and Japan customs authorities to meet. Deputy Trade Minister
Toyoda stressed that secure trade is a Japanese government
priority, but said Japan sees the need to balance security
considerations with minimizing the burden of security
measures on industry. The business community desires
effective security systems which do not inhibit the smooth
and efficient flow of goods. Japan would like mutual
recognition between C-TPAT and Japan's AEO program, and
Toyoda saw value in working too with the EU on mutual
recognition to ensure integration.

8. (SBU) DG Otabe noted the work in the G-8,s Roma-Lyon
Group on international criminal and terrorism issues and
suggested this G-8 forum could also help ensure
complementarity in bilateral and regional/global approaches.
MOF's Deputy DG Nakao said his ministry, which oversees Japan
Customs, is looking at how best to implement mutual
recognition in the Container Security Initiative (CSI). MOF
had given a proposal to DHS over the summer and DSNA Price
clarified the next step is a DHS response. GOJ officials
plan to solicit specific feedback from business to "smooth
out" problems as security programs are implemented. MLIT DG
Shibata said his ministry enjoys good working level
cooperation with the U.S. across a range of issues and he
pointed to October,s successful meetings in Osaka on land

9. (SBU) Both countries were moving ahead in developing a
pilot program on Megaports, A/S Sullivan noted. Deputy
Foreign Minister Kohno and Deputy Trade Minister Toyoda each
expressed GOJ commitment to move ahead on this DOE initiative
for radiological cargo screening, a goal echoed by MLIT.
Implementation is a question of when, not if, Toyoda said.
Kohno noted the Diet should approve a supplementary budget by
March with a view to launch a pilot project by April. MLIT
too echoed GOJ determination to move forward on Megaports.
(Note: In separate meetings during the DHS and DOE visits in
November, MOFA, MLIT and MOF representatives suggested it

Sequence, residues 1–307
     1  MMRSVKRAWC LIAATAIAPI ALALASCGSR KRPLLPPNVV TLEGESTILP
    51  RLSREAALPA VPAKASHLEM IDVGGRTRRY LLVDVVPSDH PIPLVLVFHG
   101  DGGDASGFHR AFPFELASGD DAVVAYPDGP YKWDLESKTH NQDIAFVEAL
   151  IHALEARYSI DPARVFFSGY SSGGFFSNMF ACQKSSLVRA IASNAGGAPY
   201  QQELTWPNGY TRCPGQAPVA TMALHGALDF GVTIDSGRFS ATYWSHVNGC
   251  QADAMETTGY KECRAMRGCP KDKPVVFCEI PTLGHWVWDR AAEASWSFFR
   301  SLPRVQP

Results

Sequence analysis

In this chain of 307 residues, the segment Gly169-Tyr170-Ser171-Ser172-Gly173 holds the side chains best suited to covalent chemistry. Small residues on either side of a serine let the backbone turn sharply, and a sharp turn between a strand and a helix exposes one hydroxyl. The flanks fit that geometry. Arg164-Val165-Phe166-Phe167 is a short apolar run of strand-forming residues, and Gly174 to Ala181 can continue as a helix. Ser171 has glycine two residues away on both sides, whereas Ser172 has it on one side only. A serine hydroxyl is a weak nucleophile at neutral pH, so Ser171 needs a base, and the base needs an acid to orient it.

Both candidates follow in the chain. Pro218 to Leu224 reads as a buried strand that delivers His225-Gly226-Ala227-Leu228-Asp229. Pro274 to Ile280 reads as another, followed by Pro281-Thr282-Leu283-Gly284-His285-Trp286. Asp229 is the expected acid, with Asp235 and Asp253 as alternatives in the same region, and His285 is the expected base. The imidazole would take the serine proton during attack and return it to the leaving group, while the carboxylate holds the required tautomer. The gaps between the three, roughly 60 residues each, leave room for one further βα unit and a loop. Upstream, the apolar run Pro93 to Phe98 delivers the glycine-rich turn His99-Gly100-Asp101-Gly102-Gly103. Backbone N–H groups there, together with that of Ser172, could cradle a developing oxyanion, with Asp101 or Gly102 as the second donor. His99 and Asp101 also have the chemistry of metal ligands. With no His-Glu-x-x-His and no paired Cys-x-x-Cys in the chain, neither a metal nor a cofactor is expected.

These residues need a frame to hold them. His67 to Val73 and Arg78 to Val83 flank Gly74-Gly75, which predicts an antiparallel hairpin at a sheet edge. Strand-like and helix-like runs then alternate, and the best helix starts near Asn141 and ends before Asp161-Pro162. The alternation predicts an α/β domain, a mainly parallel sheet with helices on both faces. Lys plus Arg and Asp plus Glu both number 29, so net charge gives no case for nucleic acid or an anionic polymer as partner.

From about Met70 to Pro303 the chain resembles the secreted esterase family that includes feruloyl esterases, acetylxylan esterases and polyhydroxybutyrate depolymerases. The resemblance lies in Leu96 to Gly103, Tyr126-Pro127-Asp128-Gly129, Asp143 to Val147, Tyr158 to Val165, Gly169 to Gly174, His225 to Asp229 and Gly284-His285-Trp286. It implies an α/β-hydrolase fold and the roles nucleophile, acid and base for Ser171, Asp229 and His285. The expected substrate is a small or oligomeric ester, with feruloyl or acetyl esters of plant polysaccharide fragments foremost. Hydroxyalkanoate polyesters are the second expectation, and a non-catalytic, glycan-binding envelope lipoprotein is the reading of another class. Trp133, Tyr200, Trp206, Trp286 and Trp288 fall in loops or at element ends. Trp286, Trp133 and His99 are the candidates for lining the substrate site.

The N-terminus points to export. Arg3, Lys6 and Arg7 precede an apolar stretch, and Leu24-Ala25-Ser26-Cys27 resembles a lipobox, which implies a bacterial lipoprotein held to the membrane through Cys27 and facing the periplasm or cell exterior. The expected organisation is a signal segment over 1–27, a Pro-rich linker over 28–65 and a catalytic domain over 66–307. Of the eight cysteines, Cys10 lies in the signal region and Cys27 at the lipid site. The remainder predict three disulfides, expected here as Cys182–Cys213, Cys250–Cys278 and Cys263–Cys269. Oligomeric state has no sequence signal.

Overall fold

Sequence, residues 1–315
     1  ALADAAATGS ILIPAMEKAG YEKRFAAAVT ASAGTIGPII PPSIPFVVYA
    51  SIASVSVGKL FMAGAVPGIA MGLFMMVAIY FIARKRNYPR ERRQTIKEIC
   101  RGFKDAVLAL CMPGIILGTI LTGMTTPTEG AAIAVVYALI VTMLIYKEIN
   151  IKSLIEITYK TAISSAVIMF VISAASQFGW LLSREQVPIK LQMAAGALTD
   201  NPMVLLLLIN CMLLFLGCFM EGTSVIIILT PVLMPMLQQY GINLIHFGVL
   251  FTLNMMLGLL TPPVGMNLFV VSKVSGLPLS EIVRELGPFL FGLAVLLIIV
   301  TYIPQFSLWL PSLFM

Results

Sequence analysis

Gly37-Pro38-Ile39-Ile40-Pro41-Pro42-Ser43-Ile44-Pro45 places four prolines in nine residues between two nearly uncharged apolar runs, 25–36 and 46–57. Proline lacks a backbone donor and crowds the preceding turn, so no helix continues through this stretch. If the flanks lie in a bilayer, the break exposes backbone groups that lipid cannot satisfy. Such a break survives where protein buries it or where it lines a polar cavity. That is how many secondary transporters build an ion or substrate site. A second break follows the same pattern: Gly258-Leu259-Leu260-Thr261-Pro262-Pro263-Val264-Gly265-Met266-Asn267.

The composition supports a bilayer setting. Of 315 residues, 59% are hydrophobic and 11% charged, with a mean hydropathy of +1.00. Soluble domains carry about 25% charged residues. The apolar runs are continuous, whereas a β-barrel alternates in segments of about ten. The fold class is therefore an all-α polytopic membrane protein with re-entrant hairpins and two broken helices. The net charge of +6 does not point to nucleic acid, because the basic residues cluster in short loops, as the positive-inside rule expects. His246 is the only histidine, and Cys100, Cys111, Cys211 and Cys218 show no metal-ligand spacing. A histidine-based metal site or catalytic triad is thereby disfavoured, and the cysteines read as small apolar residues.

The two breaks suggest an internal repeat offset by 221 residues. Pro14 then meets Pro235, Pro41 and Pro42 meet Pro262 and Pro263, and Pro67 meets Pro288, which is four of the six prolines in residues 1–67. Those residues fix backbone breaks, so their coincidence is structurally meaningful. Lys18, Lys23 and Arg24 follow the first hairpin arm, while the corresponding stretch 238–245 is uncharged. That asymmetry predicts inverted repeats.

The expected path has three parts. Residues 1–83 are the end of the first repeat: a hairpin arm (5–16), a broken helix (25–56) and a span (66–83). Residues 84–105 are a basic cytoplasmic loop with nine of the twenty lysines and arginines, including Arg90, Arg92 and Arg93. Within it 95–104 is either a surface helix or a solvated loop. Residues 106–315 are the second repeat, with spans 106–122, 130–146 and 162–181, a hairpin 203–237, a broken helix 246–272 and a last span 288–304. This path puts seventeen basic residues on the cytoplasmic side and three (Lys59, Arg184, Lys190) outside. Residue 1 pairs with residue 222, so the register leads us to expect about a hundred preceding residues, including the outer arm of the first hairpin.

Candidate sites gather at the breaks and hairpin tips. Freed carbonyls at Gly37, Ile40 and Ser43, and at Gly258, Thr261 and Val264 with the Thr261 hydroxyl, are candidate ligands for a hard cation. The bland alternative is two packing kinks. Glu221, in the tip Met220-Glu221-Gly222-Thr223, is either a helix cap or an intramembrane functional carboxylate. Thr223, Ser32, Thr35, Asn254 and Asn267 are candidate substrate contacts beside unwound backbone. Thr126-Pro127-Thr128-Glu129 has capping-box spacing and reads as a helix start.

would take about two months to open the bid for the equipment
and installation and about four months to install, making the
pilot port operational around the end CY 2008. End note.)

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10. (SBU) DFM Kohno noted DHS and MLIT are cooperating well
in the production stages of the Maritime Asset Tag Tracking
System (MATTS) and moving toward initial tests (NOTE: MATT
devices will be used to determine if a container has been
tampered with while in transit. End note.)

11. (SBU) MLIT Deputy Minister Shibata reminded the U.S.
delegation that, during an IMO-organized meeting, Japan
invited the U.S. to contribute to a fund for the safety and
security of the Malacca Straits. It would be a collaborative
fund including, among others, Japan, the U.S., Malaysia,
Singapore, and Indonesia. Shibata noted the U.S. Coast
Guard had pledge to work on the issue. The U.S. side said
they would meet with the Coast Guard on the issue.

FTA Information Exchange

12. (SBU) MOFA Economic Affairs DG Otabe reviewed progress
on the FTA information exchanges with the United States and
indicated an interim report on the process could be finalized
on December 7. According to DFM Kohno, the next set of
information exchanges should include discussions of how to
deal with resource-producing countries. Responding to DNSA
Price on the reasons behind this interest, DG Otabe noted
Japan has included provisions in its economic partnership
agreements (EPAs) with Brunei and Indonesia that require
signatories to be "transparent" with respect to introduction
of laws or regulations that might restrict the export of
energy or other resources. Observing the investment chapters
of U.S. FTAs would prevent such behavior without such
specific language, DNSA Price noted this Japanese clause